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Liverpool ‘dropout’ jailed for Silk Road dark web site

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Liverpool 'dropout' jailed for Silk Road dark web site

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Merseyside Police

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Thomas White left his degree course after one term

A jobless university dropout who created a site on the dark web to sell drugs and child sex abuse images has been jailed.

Thomas White launched Silk Road 2.0 less than a month after the FBI closed the original site in 2013.

In March, the 24-year-old admitted drug trafficking, money laundering and making 464 indecent images of children.

On Friday, he was sentenced, at Liverpool Crown Court, to 64 months in jail.

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Media captionTechnology explained: What is the dark web?

The National Crime Agency (NCA) said White quit his accounting degree at Liverpool John Moores University after a single term.

He was an administrator of the Silk Road 2.0 dark web site, which let users buy and sell drugs and computer hacking tools with a degree of anonymity.

White’s site specialised in supplying class A and B drugs as well as legal highs, when he ran it from November 2013 to March 2014.

The NCA said White also hoarded child sex abuse images of the most extreme nature so that he could sell them.


What was the Silk Road?

The Silk Road website took its name from the historic trade routes spanning Europe, Asia and parts of Africa.

It achieved notoriety through media reports and online chatter. But users could only access the site through Tor, a system that obfuscates who is visiting a website and from which country.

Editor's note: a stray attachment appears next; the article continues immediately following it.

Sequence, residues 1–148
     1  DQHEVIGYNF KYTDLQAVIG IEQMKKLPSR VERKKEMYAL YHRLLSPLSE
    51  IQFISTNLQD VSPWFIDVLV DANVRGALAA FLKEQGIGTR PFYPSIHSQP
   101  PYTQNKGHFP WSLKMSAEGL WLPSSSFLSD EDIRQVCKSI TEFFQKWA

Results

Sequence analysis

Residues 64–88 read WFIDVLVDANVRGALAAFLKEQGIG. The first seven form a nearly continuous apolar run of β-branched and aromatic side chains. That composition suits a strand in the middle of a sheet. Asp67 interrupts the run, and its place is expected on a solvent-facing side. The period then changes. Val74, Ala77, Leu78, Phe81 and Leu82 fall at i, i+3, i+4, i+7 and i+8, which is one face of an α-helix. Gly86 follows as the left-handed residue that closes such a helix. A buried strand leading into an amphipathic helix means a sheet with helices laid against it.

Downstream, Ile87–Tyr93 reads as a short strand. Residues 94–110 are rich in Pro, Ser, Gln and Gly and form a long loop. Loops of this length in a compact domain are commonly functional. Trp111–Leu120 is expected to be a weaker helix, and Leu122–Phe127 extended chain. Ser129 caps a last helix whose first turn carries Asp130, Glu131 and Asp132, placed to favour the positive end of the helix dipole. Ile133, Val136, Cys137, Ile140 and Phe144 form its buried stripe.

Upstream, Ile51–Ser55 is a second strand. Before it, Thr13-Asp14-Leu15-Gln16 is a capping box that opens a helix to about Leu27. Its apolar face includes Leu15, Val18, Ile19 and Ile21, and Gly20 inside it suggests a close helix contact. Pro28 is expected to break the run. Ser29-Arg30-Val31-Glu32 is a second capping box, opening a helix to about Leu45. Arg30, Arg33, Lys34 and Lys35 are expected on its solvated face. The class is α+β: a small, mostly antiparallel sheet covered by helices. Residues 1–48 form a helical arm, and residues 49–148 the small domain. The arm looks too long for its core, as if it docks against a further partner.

Tor was created by the US government to help provide activists with anonymity. It is now used for a variety of purposes – including masking illegal transactions.

Illegal drugs such as heroin could be bought on the Silk Road using the crypto-currency Bitcoin, which can be difficult to trace. The website also offered hacking equipment and stolen passports for sale.


Although he had no legitimate income, White paid £10,700 up front to rent a plush apartment on Liverpool’s waterfront. He also spent £35,000 on computer equipment.

Investigators are not sure how much money he made from his website. However, $96m (£73m) worth of goods were traded on Silk Road 2.0 and White took between 1% and 5% commission on each sale.

In an online chat with an administrator of Silk Road 2.0, White said he wanted to set up a website for paedophiles “because there is money to be made from these people”.

A vast amount of encrypted data was discovered on his computers including copies of information stolen from the FBI, Nasa, the extra-marital affairs website Ashley Madison and UK internet service provider TalkTalk.

White is not thought to have hacked the companies himself.

Investigators also seized from White about 50 bitcoins, which have a current value of about £192,000.

“We believe he profited significantly from his crimes, which will now be subject to a proceeds of crime investigation,” said Ian Glover from the NCA.

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